The FERC order has important implications. Bundled REC sales contracts must now recognize that such contracts are subject to FERC jurisdiction, which may give rise to a host of legal consequences. For example, the sale may be subject to price caps if one or both parties to the transaction have not been granted authority by FERC to charge market-based rates. Similarly, a bundled REC contract should also include a "Mobile-Sierra" or "Memphis" clause to govern the standard for review should be transaction be challenged at FERC.

FERC's expansion of jurisdiction also carries with it an implied roll-back of state powers because the Federal Power Act gives FERC exclusive jurisdiction over matters within its domain. In other words, because the order establishes bundled REC transactions as an area of exclusive FERC jurisdiction, it necessarily implies that state laws extending into this area of exclusive jurisdiction are preempted. Hence, the order raises the question whether state-level rules governing the interstate movement of renewable energy contracts, such as the rules recently enacted by California governing importation of renewable energy into the state, are preempted by FERC's action.

New Legislation Modifies Initiative 937

June 1, 2012

This year, the Washington Legislature finally cracked the I-937 nut, if only in a modest way. Passed by voters in 2006, I-937 requires Washington utilities to adopt all cost-effective conservation measures and also requires utilities to provide specific percentages of their power portfolios from "eligible renewable resources" (3% this year, rising to 9% in 2016, and reaching 20% in 2020). As soon as I-937 was open for legislative amendment in 2008, extensive amendments to the Initiative were proposed in each legislative session. This year, two bills finally made it through the legislative logjam.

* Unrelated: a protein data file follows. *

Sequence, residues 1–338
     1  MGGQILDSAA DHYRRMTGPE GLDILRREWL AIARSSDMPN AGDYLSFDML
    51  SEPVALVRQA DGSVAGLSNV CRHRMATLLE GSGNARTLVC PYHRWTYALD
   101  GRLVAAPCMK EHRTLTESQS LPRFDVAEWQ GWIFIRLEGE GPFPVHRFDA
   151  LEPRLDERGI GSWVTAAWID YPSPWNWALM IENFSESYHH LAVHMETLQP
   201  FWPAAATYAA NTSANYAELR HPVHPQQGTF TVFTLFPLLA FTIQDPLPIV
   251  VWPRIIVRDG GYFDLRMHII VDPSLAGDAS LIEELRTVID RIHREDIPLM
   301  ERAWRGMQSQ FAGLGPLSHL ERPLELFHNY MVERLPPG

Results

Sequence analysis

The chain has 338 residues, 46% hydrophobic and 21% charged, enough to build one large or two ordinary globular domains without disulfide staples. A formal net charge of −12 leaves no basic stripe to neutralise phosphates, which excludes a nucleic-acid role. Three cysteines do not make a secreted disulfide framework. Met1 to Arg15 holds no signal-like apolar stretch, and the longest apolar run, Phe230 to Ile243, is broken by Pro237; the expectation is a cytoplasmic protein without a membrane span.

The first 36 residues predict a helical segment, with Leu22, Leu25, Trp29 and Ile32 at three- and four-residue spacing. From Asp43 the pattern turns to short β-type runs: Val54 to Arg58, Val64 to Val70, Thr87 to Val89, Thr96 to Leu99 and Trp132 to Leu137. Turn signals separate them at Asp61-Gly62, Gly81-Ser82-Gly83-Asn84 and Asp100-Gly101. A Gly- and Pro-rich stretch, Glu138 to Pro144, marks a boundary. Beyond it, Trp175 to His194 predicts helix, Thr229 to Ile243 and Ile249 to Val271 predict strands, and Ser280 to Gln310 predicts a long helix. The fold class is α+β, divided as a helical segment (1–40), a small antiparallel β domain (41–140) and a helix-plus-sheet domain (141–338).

The first, SSB 6414, is particularly important for Washington's consumer-owned utilities. If there is doubt about whether a project qualifies under I-937's conservation or renewable energy standards, a consumer-owned utility now has the option of applying for an advisory opinion from the Washington Department of Commerce. If the Department concludes that the project qualifies and the utility's elected board adopts that conclusion in an open hearing, the conclusion is binding during the I-937 audit and enforcement process. With passage of the new legislation, consumer-owned utilities now have a mechanism to remove a significant source of uncertainty arising under I-937.

The second bill, ESB 5575, allows certain "legacy" biomass plants, built before 1999, to be counted as "eligible renewable resources," so that the utility purchasing output from those plants can count the power produced towards its I-937 renewable targets. The legislation primarily benefits existing forest products facilities with associated generators fired by wood waste and was viewed largely as a means of supporting struggling industrial facilities, especially in Washington's rural counties. It also modestly expands the choices available to utilities to meet their I-937 targets.